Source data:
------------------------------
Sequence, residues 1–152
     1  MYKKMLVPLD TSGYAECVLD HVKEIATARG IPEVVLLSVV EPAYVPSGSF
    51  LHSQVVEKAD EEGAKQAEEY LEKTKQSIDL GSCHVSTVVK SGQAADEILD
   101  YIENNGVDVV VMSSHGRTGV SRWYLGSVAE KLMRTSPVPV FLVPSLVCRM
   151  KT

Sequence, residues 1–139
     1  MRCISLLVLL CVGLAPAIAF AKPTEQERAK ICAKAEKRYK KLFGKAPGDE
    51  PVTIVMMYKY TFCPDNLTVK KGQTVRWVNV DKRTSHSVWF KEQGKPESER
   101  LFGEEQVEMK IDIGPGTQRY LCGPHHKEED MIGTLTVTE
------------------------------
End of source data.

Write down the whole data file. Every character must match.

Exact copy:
Sequence, residues 1–152
     1  MYKKMLVPLD TSGYAECVLD HVKEIATARG IPEVVLLSVV EPAYVPSGSF
    51  LHSQVVEKAD EEGAKQAEEY LEKTKQSIDL GSCHVSTVVK SGQAADEILD
   101  YIENNGVDVV VMSSHGRTGV SRWYLGSVAE KLMRTSPVPV FLVPSLVCRM
   151  KT

Sequence, residues 1–139
     1  MRCISLLVLL CVGLAPAIAF AKPTEQERAK ICAKAEKRYK KLFGKAPGDE
    51  PVTIVMMYKY TFCPDNLTVK KGQTVRWVNV DKRTSHSVWF KEQGKPESER
   101  LFGEEQVEMK IDIGPGTQRY LCGPHHKEED MIGTLTVTE